These two postcards are also part of my parents' collection and were sent by a friend of theirs, when he was living in Libya. Unfortunately, he has not written a date, but I guess it was around 1980. As he writes, living there, was like joining the army!
Tripoli is the largest city and capital of Libya. It is also known as Western Tripoli (Arabic: طرابلس الغرب Ṭarābulus al Gharb), to distinguish it from Tripoli, Lebanon.
Tripoli is a Greek name that means "Three Cities". It is in Arabic: طرابلس Ṭarābulus, Libyan Arabic: Ṭrābləs, Berber: Ṭrables, from Ancient Greek: Τρίπολις Trípolis "Three Cities").
The Tripoli metropolitan area (district area) has a population of 1,065,405 (2006 census). The city is located in the northwest of the country on the edge of the desert, on a point of rocky land projecting into the Mediterranean Sea and forming a bay. The city is the principal sea port, and the largest commercial and manufacturing centre in Libya. It is also the site of Al-Fateh University.
Tripoli was founded in the 7th century BC by the Phoenicians, who named it Oea. Due to the city's long history, there are many sites of archaeological significance in Tripoli. The climate is typical Mediterranean, with hot, dry summers, and cool winters with modest rainfall. "Tripoli" may also refer to the shabiyah (top-level administrative division in the current Libyan system), Tripoli District, also called the Tarabulus District.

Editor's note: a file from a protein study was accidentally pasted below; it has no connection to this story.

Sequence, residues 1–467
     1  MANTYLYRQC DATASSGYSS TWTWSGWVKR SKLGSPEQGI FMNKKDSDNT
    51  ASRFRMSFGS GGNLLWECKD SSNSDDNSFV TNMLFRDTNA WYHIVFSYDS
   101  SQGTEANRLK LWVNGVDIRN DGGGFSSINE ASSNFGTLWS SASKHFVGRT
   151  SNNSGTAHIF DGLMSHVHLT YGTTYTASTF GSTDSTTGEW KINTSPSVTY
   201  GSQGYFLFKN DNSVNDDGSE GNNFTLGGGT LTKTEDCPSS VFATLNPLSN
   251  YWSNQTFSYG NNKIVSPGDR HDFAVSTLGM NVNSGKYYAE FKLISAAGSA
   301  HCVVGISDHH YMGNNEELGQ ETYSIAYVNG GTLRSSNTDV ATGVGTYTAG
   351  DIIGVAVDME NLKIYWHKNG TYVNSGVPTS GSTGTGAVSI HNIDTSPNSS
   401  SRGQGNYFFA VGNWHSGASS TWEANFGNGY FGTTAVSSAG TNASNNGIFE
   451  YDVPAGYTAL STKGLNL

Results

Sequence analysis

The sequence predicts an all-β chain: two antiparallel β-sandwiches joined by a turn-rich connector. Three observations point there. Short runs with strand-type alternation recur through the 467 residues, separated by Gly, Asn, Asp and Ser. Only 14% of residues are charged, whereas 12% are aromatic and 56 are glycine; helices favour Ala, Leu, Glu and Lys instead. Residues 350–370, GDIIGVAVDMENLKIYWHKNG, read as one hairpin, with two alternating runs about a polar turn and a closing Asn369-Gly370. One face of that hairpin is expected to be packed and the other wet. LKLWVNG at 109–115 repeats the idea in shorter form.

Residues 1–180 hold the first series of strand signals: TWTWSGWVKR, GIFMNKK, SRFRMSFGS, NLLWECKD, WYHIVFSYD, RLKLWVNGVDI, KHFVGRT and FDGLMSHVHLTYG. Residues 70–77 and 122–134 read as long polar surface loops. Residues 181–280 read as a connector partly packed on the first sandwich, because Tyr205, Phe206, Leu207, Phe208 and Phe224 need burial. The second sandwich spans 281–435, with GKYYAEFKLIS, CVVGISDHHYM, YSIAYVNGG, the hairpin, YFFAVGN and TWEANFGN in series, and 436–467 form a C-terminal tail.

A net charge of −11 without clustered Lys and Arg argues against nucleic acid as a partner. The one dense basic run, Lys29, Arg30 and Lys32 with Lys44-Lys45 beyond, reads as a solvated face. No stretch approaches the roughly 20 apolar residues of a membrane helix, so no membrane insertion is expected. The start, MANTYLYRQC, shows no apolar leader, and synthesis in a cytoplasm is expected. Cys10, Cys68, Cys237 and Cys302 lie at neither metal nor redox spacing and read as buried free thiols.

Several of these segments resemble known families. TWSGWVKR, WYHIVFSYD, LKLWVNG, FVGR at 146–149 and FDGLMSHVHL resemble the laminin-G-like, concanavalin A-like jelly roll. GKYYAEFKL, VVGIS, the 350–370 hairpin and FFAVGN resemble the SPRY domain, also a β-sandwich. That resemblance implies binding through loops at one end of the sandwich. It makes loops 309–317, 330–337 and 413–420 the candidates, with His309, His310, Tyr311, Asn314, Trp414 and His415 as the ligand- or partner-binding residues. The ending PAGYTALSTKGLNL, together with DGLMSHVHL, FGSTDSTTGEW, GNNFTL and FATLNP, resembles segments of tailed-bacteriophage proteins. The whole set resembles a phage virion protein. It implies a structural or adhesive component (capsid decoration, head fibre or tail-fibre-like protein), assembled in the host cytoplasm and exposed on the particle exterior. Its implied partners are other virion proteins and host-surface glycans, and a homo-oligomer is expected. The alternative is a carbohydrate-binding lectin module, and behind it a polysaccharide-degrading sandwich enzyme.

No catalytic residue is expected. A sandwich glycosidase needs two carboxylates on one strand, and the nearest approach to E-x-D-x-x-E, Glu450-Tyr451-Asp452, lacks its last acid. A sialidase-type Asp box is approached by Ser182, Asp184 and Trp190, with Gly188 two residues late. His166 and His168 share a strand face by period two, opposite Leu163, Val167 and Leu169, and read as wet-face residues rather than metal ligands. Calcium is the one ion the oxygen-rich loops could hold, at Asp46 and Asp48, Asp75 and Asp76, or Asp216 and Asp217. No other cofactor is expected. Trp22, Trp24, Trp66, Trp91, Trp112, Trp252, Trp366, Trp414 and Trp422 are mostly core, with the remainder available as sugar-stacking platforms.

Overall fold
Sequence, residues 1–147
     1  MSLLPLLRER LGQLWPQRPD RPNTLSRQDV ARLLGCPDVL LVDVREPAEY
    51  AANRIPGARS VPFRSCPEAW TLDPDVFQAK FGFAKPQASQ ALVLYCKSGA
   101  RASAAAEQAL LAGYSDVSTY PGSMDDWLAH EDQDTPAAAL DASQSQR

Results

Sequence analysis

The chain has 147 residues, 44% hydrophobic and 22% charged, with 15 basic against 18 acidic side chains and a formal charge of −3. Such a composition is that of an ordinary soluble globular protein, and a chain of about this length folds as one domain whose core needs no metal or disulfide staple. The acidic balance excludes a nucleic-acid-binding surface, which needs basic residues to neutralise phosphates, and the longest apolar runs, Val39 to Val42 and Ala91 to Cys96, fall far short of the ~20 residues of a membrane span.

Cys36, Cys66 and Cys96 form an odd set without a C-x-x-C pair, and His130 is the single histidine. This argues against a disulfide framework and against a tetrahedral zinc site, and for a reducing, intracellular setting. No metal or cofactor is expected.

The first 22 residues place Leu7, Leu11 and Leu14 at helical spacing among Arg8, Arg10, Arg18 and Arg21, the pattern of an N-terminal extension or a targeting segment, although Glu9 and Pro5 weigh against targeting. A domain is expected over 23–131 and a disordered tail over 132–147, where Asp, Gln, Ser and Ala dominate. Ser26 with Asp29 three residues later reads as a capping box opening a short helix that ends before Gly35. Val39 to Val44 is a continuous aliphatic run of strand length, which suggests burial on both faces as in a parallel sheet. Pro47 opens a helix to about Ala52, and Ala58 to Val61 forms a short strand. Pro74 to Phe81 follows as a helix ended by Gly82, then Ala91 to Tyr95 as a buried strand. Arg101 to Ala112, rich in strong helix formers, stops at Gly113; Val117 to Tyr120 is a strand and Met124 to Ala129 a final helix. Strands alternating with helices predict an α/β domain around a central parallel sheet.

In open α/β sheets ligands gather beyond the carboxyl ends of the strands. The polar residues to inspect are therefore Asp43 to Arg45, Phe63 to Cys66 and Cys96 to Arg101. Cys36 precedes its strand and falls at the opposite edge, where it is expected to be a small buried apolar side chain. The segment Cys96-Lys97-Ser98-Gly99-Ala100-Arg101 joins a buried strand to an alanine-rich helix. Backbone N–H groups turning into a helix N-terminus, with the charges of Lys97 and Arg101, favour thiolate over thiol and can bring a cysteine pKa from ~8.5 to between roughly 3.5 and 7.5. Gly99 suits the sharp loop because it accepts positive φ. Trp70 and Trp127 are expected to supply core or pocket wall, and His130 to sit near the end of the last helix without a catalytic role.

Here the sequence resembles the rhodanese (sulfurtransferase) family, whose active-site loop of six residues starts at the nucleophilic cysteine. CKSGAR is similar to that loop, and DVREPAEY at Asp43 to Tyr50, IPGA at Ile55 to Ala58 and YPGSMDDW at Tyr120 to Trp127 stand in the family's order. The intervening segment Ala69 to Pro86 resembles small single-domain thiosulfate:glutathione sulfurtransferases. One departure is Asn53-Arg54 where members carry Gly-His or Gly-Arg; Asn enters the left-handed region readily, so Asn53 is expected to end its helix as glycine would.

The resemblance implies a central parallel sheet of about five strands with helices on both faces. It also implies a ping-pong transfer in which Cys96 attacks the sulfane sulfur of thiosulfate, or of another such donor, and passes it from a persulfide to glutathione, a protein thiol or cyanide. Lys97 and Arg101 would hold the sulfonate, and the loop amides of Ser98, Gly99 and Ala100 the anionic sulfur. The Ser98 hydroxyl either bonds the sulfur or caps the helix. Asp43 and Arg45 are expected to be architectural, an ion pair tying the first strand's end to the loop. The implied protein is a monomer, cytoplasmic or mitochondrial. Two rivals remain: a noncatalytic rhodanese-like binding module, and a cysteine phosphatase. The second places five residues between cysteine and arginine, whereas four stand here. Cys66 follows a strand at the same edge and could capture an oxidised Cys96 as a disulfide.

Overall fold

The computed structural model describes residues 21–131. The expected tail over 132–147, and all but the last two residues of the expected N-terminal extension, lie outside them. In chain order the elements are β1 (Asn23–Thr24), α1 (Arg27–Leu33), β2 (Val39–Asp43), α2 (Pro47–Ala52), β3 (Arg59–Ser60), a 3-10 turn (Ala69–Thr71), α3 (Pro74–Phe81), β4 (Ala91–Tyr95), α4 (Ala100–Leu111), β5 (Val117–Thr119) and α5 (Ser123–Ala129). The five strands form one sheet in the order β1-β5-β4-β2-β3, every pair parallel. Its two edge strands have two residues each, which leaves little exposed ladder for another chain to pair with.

The city's old town, the Medina, is still unspoiled by mass-tourism, though it is increasingly being exposed to more and more visitors from abroad, following the lifting of the UN embargo in 2003. However, the walled Medina retains much of its serene old-world ambiance. The Red Castle Museum (Assaraya al-Hamra), a vast palace complex with numerous courtyards, dominates the city skyline and is located on the outskirts of the Medina. There are some classical statues and fountains from the Ottoman period scattered around the castle.
Three gates provided access to the old town: Bab Zanata in the west, Bab Hawara in the southeast and Bab Al-Bahr in the north wall. The city walls are still standing and can be climbed for good views of the city. The Bazaar is also known for its traditional ware; fine jewellery and clothes can be found in the local markets.
There are a number of buildings that were constructed by the Italian colonial rulers and later demolished under Gaddafi. They included the Royal Miramare Theater next to the Red Castle and Tripoli Railway Central Station. [wikipedia]